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15 September 2011

X Windows and KDE

See Time For a Change for the first in this series, or view the index to see all the entries dealing with Arch Linux. In this post, I will go from the command-line to a KDE desktop. We're getting somewhere this time!

An awesome Linux machine isn't very awesome if all you get is a root login and a command-line prompt. There are a number of desktop managers out there for Linux, but the two most popular are Gnome and KDE. For this machine, I chose KDE. There are several command-line examples throughout this post, and by a common convention I will prefix the ones that should be done as root with "#", and the ones that should be done as an unprivileged user with "$".

In Arch, most things are installed with the package management utility: pacman. Other distributions have different but similar utilities: Fedora uses yum, and Debian uses apt. They all do pretty much the same things, and they all have documentation that does its best to convince the reader that each utility is different and somehow better than the others. Whatever. They are just tools to do a job, as far as I'm concerned. Before I get started installing KDE, I need to generally update my system:

# pacman -Syu

Immediately after a new installation, this will probably update pacman itself and then dump back to a command prompt, so it's a good idea to run the command twice.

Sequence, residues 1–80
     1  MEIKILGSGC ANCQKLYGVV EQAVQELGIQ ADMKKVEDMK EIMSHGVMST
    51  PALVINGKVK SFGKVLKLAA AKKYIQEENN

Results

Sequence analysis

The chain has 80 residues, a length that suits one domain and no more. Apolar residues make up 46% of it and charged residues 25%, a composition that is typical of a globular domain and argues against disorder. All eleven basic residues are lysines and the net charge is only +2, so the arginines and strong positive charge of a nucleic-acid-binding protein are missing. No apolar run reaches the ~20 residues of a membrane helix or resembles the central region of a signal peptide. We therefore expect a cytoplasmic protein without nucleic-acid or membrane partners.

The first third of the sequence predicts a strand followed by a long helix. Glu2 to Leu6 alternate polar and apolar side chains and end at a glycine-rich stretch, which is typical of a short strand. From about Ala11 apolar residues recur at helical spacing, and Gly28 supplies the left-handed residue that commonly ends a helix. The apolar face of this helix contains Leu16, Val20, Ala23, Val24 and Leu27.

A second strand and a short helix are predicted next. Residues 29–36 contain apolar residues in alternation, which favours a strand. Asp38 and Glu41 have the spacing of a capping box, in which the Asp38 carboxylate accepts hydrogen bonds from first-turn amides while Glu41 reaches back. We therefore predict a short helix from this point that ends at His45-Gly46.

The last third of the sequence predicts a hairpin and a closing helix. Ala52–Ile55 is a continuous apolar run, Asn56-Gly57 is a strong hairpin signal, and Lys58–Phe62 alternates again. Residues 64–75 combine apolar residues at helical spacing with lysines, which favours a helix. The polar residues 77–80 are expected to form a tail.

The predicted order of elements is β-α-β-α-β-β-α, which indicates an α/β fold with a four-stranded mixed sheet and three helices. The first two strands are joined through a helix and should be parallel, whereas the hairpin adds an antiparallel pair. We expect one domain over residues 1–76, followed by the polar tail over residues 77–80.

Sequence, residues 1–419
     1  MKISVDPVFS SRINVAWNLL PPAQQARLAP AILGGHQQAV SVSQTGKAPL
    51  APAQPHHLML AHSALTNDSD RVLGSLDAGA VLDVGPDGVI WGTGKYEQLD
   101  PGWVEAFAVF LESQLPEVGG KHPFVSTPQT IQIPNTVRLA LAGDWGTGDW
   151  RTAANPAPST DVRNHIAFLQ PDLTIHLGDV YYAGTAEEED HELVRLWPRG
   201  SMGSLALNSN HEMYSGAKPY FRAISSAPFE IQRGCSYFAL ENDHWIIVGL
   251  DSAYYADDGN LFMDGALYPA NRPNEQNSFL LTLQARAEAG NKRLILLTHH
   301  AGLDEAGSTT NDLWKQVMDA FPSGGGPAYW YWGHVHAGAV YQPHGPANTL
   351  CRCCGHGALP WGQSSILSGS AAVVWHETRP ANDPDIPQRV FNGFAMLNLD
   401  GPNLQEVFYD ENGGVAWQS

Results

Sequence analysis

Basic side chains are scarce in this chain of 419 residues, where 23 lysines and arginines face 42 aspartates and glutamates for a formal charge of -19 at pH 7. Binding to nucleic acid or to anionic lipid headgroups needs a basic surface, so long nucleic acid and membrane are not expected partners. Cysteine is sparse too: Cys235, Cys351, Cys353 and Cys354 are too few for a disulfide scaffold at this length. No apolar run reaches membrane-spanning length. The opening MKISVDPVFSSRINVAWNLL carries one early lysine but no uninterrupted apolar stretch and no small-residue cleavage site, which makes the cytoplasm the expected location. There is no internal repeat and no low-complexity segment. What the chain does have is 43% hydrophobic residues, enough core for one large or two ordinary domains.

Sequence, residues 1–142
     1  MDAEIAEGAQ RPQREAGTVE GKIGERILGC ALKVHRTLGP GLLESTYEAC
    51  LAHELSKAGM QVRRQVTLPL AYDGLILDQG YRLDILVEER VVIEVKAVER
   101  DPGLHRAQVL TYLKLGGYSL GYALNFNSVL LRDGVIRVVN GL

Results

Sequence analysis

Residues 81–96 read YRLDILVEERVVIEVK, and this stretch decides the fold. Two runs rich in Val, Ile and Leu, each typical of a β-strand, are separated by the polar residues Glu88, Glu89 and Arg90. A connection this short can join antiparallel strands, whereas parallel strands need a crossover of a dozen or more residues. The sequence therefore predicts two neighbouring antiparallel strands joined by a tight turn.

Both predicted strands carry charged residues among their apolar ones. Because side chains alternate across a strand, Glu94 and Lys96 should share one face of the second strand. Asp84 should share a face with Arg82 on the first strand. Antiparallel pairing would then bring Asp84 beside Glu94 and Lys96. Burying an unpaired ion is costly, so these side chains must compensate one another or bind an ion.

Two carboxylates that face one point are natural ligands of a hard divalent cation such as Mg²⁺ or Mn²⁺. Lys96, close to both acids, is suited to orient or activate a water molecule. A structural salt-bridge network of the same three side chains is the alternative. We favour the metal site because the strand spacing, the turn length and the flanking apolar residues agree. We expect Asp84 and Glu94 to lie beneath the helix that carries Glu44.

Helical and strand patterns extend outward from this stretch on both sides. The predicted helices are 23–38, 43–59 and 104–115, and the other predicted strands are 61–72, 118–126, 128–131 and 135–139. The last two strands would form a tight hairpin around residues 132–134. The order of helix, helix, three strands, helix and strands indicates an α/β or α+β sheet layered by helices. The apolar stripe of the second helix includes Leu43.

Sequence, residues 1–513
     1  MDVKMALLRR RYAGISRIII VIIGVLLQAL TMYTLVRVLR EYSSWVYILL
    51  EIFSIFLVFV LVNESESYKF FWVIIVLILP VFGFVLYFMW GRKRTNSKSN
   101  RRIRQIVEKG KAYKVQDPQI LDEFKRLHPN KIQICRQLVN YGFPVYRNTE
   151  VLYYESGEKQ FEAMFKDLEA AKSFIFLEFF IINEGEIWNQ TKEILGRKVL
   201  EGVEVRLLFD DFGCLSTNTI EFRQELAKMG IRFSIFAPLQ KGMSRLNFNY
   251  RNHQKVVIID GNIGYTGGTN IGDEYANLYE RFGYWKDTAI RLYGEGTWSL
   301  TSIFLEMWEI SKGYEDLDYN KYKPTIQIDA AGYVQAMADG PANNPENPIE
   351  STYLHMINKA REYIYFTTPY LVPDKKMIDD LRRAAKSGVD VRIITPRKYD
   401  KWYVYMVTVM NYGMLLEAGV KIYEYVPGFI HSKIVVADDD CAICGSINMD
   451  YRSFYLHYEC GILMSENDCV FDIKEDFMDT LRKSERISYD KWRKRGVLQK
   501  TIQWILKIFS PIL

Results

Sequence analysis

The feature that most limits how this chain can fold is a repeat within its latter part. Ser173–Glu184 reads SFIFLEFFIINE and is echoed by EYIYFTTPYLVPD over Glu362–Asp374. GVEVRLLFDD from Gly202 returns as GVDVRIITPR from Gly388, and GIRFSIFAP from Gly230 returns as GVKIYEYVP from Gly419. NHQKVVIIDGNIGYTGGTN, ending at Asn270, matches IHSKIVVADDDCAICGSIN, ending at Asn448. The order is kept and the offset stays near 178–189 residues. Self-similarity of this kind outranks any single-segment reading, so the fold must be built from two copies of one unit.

Next, I need to install X Windows before I install KDE. Linux is laid out in a hierarchical way: there is the underlying kernel, which runs the operating system and does hardware, resource, and process management, but it doesn't have any graphical capabilities. On top of that -- if installed -- is X Windows, which is capable of interfacing with the graphical hardware subsystem and providing a high(er) level framework to applications looking to provide a GUI interface to their users but not wanting to reinvent the wheel, the way DOS games had to back in the day. Finally on top of that is the desktop manager, which puts a pretty face onto X Windows, coordinates a user session, and manages access to the various utilities and menus an average user needs to do his job. Technically, X Windows can be run without a desktop manager like KDE, but no sane person would want to.

As an example of insanity, here's how to launch the X Windows calculator, and what it looks like:

$ X &
$ export DISPLAY=0:0
$ xcalc &

And here is the equivalent in KDE:

Launching KCalc KCalc itself

Bear in mind that if you want to see more than one application at a time in X Windows, you have to specify the size and coordinates of the windows at launch time. Yeah, I'll stick with a desktop manager.

So... onward to X and KDE installation!

# pacman -S xorg

This takes a while. When it's done:

# pacman -S kde